Warning: Never list proprietary information on your résumé. Yes, you'll miss out on some important metrics. Them's the breaks, sadly. Also, be careful not to reveal publicly unflattering or potentially competitive metrics on your LinkedIn profile. LinkedIn is not a "cut-and-paste from your résumé" job.

5. Reporting relationships. It's often hard to tell whether an organization is flat, hierarchical, or somewhere in between. Listing reporting relationships on your résumé adds a layer of context for a seasoned hiring decision maker.

Aside: In cases where reporting relationships confuse or don't boost the overall picture, leave them out. Just know that you may be asked.

6. Industry-specific metrics. Part of a Chief Nursing Officer's aptitude centers around the number of facilities s/he manages, and the number of beds at each hospital. Part of a Chief Investment Officer's aptitude matrix revolves around market cap and portfolio size. Be sure to include the differentiating metrics that tie you to your industry.

Tip: If you're changing industries, write your first résumé draft with industry information intact. It'll be easier to write. When you're done, scrub out most industry-specific language, and write transferable skills in the language of your inbound industry. (As long as it's not false or entirely opposing. Development means very different things in varying industries, for examples. Do this task carefully.)

BlueSteps: A Shortcut for Executive Stealth Job Seekers?

File this one at the front of the stack. 

I recently mentioned to an EVP client an online tool called BlueSteps—a service of the Association of Executive Search Consultants (AESC). I haven't been a paid user, myself, so I haven't had visibility into how it works.

Then this morning, I stumbled upon Boyden Global Executive Search's "Candidate Resources" page, and voila! The left sidebar has a great list of BlueSteps member benefits, top among them being the most critical piece: confidentiality.

If you've used BlueSteps, I'd be interested to know offline about your experience. You can reach my office at info@theresumestudio.com.  

Meanwhile, the page contains additional tips for executive job seekers. 

 

Career Planning Usually Involves a Bit of Risk

Legal careers advisor Shauna Bryce yesterday posted to her LinkedIn page this interesting article by Shannon Schuyler, leader of corporate responsibility at PwC: "Your fear of risk is jeopardizing your career."

Schuyler reflects on flubbing a student government stump speech in college, while admitting that public speaking is today "one of the most exciting and satisfying parts of [her] job."

As evidenced by the article's photograph, Schuyler clearly soared beyond her initial public speaking fears. But she uses the point to make a great case for taking risks, saying: "Whether we win slowly or fail fast, we become better for the experience." 

Quick read and worthwhile reminder for passive and stealth job seekers. Taking calculated risks is part of the game.

  

Spencer Stuart Dishes on "Making the Best [Career] Transition"

If retained executive search firm Spencer Stuart is saying it, then it must be true, right?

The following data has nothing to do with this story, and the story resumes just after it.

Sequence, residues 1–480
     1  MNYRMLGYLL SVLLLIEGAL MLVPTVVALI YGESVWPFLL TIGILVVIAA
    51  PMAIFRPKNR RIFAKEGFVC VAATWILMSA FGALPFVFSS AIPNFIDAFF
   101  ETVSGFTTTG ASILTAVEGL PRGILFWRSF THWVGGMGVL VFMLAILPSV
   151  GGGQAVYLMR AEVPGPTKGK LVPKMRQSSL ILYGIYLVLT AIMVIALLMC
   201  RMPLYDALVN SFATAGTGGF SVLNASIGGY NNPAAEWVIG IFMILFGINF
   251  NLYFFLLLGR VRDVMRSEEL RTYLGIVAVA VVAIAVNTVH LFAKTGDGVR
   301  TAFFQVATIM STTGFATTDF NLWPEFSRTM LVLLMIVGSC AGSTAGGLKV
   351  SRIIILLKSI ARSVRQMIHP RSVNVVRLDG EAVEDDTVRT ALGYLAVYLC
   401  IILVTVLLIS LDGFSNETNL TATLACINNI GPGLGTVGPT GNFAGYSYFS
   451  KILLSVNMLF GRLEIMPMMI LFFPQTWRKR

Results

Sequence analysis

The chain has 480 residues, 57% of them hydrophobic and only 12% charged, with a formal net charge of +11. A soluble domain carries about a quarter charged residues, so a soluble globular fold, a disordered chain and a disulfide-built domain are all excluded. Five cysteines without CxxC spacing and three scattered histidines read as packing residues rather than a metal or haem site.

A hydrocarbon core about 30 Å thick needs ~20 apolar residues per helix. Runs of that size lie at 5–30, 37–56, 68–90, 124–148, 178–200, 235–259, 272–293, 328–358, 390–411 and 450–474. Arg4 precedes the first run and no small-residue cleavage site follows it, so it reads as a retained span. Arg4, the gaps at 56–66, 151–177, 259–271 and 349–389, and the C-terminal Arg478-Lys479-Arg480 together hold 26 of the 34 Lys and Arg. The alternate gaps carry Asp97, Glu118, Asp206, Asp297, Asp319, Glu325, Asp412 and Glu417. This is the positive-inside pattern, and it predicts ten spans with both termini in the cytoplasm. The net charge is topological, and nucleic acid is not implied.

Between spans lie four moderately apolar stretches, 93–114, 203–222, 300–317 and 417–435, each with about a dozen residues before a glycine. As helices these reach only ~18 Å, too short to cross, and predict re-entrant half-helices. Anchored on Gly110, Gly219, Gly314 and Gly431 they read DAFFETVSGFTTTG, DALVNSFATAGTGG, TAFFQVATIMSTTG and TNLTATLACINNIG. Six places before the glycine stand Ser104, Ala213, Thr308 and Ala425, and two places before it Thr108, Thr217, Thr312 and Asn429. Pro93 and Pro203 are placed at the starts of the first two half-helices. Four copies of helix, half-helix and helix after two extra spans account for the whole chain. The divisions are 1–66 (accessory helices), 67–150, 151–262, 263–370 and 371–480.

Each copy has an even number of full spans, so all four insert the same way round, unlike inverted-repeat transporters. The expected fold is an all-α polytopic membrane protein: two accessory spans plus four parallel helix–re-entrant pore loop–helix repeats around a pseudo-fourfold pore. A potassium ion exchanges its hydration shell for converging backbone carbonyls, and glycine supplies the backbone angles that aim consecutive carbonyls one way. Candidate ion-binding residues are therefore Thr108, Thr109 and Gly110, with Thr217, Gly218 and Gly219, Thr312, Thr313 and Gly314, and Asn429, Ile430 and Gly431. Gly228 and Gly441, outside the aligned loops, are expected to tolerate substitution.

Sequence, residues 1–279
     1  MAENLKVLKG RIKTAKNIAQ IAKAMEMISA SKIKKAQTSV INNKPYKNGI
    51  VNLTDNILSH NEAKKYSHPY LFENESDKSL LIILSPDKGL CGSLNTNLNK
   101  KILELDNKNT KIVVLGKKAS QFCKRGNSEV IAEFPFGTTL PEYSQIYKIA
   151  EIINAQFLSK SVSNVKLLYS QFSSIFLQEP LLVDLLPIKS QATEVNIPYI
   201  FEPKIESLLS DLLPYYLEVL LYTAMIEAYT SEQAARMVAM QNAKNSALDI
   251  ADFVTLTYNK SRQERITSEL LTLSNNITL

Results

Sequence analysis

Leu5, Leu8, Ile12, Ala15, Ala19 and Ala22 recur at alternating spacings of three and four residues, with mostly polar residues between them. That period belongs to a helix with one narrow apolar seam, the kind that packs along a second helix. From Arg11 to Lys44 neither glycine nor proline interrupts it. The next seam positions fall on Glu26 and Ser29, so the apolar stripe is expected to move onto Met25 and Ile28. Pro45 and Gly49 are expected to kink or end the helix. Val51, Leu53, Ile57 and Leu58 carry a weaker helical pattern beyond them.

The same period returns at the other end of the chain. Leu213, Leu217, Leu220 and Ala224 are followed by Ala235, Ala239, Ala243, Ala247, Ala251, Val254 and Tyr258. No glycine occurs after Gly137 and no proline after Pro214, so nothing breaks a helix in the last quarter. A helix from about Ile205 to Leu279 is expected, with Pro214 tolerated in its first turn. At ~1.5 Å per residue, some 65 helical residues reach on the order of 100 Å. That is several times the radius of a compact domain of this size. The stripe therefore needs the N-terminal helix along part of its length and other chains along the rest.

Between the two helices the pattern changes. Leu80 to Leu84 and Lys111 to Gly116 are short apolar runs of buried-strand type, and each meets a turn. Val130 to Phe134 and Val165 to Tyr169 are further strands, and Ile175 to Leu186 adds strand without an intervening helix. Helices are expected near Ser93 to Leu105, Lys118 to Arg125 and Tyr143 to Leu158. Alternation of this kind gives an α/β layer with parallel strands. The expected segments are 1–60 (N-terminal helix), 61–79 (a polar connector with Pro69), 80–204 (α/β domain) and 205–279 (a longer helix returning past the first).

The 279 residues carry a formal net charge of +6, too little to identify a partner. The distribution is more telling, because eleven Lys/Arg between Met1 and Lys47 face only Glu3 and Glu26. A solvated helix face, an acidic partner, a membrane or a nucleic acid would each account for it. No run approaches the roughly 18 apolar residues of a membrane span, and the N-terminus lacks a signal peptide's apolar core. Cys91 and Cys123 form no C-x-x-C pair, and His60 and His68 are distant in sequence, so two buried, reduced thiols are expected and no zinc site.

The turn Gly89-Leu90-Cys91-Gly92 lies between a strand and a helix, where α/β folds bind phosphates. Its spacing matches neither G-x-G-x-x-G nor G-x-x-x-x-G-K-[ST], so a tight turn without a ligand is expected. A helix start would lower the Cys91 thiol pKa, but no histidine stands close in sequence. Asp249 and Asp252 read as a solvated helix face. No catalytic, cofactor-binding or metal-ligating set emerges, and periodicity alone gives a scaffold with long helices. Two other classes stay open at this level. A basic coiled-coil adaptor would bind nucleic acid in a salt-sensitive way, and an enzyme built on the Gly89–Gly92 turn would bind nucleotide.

Seriously though, preparing ahead of time, deciding the direction you want to go, understanding who and where you fit in the world, and translating your skill set and experience into a new role is fundamental to making a career transition.

It's not rocket science, but it is a lot of intention, preparation, and cross-platform career messaging clarity. 

Here's a sneak peek from the search firm's August 2015 "Career Advice" column, demonstrating that good planning is particularly helpful for the stealth job seeker: 

And don't miss Spencer Stuart's offer to register at the end of the article. Is executive search is opening up the inbound résumé channel?

 

Is Apple's Famously Flat Structure Really Flat? And What Can That Mean for Smart Startups?

An INC Magazine article I read last night about the virtues of flat organizational structures (good stuff: loyalty, engagement) reminded me about the mystery of Apple's famously flat hierarchy.

For no reason but curiosity, I googled "apple flat," which auto-completed into "apple flat hierarchy." Exactly what I was looking for.

Top of the search result heap was a 2011 Financial Times article by Philip Delves Broughton worth re-reading for tech company founders, VCs, product developers, and supply chain leaders: "How Jobs made Apple fit for the future."

Most of my clients in the four professions listed above tell very different hierarchical stories from their own experiences, but they might find inspiration, even from Broughton's opening line: 

"The group is really three lashed together," he says.

And the article's citation of Reed Hastings' "talent density" principle is a nice nugget for recruiters and stealth job seekers / passive job seekers to noodle on when it comes to their efforts.

If everyone in my network hasn't already read this short article, they should. In case you're not convinced, here's Broughton's closing paragraph:

New Data from Heidrick & Struggles for C-suite Members Considering a Fortune 500 Board Directorship

C-level clients sometimes ask how to get on a board of directors. Like it's an easy thing. And yes, there are differences between executive résumés and board director résumés.

But the question is a good one, because every journey begins with a single step.

If you're thinking what a Fortune 500 board directorship might look like, Heidrick & Struggles yesterday released their Four Boardroom Trends to Watch. The downloadable publication presents an interesting breakdown including new seats filled, average age of directors, percentage of directors who are current or former CEOs and CFOs, and more.

Here's a preview:

From Heidrick & Struggles Board Monitor: "How the Most recent cohort of Fortune 500 board appointments is shifting the landscape in board composition, diversity, and talent."

From Heidrick & Struggles Board Monitor: "How the Most recent cohort of Fortune 500 board appointments is shifting the landscape in board composition, diversity, and talent."